The best third place for us Christians is the local congregation. As explained in part four of this series, in Lutheran liturgy we call our worship Gottesdienst, which is German for “Divine Service.” We call it that because it is God who is doing His divine service to us, just as Christ said of Himself, “The Son of Man came not to be served but to serve” (Matthew 20:28). Although we offer Him our worship and praise, it’s God who initiates our praise in His divine service to us in the Word and Sacraments where He delivers to us forgiveness of sins, life, and salvation. You can’t get this anywhere else. Not at any concert, political debate, or any other worldly thing, but only in God’s service of the Word.

An open Bible with flowers on it

Every third place also has some homogeneity to it — they’re places for people “just like us.” We go to the same coffee shop because there are people there who also like coffee. Or the local bar because there are also people there who like the same beer and food. Even an online gaming community because there are people there who like the same games. Yet the Church is for people who are not “just like us,” except in the fact that we’re all saints and sinners (simul justus et peccator). The Church is for all people, young and old, rich and poor, powerful and destitute, black and white, healthy and disabled, etc. The Church is multigenerational, multiethnic, and multifaceted. I learned a phrase from one of my seminary professors that we are Romans 7 saints and sinners with a Romans 8 God (take some time to read those two chapters).

Though we are all saints and sinners, each of us has our own thorns in our sinful flesh, each of us is given unique gifts from God as His saints in the Church, and we all have the same Lord and God who no longer condemns us but justifies us through Christ our Lord. The prostitute and virgin bow before Christ’s altar; both are made pure in Christ. The depressed and the jovial kneel before the cross; the joy of the Lord is the strength of both of them (Nehemiah 8:10). Poor and rich come before the Lord; both are given eternal riches from the Lord. Young and old sing praises unto the Lord; both are given eternal life by the power of His name. Gay and straight trust in Christ; to both the Lord says, “Neither do I condemn you; go, and from now on sin no more” (John 8:11).

So, no, Christianity — and by extension, the Church — is not “old-fashioned” and outdated because as long as there are sinners in this world, the Gospel of Jesus Christ will always be relevant on this side of the eschaton, which He has called His Church to proclaim. What is truly old-fashioned and outdated is the incessant notion that the Church is no longer relevant. The ancient Greek philosophers thought so, and Rome persecuted the Church for it, but she only flourished. Those who think the Church is outdated need to get with the times that the Gospel of Jesus Christ is for them, during such a time as this, so they “should not perish but have eternal life” (John 3:16).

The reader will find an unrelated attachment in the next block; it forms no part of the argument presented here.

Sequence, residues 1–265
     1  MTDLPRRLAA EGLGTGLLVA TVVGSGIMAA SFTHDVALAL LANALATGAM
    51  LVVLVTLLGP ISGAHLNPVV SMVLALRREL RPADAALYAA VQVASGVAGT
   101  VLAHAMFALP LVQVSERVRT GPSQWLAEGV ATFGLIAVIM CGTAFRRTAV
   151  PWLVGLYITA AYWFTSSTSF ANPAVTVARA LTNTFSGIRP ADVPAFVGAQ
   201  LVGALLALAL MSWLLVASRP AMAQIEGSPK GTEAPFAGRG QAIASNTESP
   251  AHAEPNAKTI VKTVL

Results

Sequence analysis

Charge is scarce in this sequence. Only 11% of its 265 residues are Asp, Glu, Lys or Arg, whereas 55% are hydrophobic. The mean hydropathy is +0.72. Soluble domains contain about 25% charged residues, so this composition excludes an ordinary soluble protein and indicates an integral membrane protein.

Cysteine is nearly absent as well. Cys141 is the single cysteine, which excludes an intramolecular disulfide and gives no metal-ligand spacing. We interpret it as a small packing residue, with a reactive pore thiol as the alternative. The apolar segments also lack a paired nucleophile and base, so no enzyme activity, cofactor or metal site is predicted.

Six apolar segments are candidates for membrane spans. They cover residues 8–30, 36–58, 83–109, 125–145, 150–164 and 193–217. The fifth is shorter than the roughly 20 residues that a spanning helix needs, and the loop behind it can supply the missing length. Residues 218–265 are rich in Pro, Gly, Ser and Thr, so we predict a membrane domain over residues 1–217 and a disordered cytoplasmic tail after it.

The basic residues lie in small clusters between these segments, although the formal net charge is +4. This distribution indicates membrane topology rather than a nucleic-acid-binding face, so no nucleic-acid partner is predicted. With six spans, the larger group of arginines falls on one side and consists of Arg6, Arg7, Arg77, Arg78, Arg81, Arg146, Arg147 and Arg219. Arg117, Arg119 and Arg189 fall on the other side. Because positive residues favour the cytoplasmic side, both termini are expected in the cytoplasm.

Eusebius. “Church History.” A Secret Library of Nicene and Post-Nicene Fathers of the Christian Church. Volume 1. Edited by Philip Schaff and Henry Wace. Grand Rapids: Eerdmans, 1952.

Origen. “Against Celsus.” Ante-Nicene Fathers. Volume 4. Translated by Alexander Roberts and James Donaldson. Grand Rapids: Eerdmans, 1956.

Sutton, A. Trevor. Clearly Christian: Following Jesus in This Age of Confusion. Saint Louis: Concordia Publishing House, 2018.

About the Author

Rev. Garrick Sinclair Beckett, also known as Pastor Ricky, is Associate Pastor at Zion Lutheran Church in Mt. Pleasant, Michigan, and is also campus pastor at Christ the King Lutheran Chapel located on the Central Michigan University campus. He is a graduate of Concordia Seminary (M.Div.) and received his bachelor’s degree from Concordia University-Ann Arbor in Christian Thought and Theological Languages. He served three years in the Army prior to seminary and is married to his wife, Emilia, who emigrated from Finland. What makes Pastor Ricky a “geek” is his affinity for video games, literature, and anime. 

This article was edited to Geeks Under Grace standards, and the personal opinions of this author are not necessarily that of Geeks Under Grace.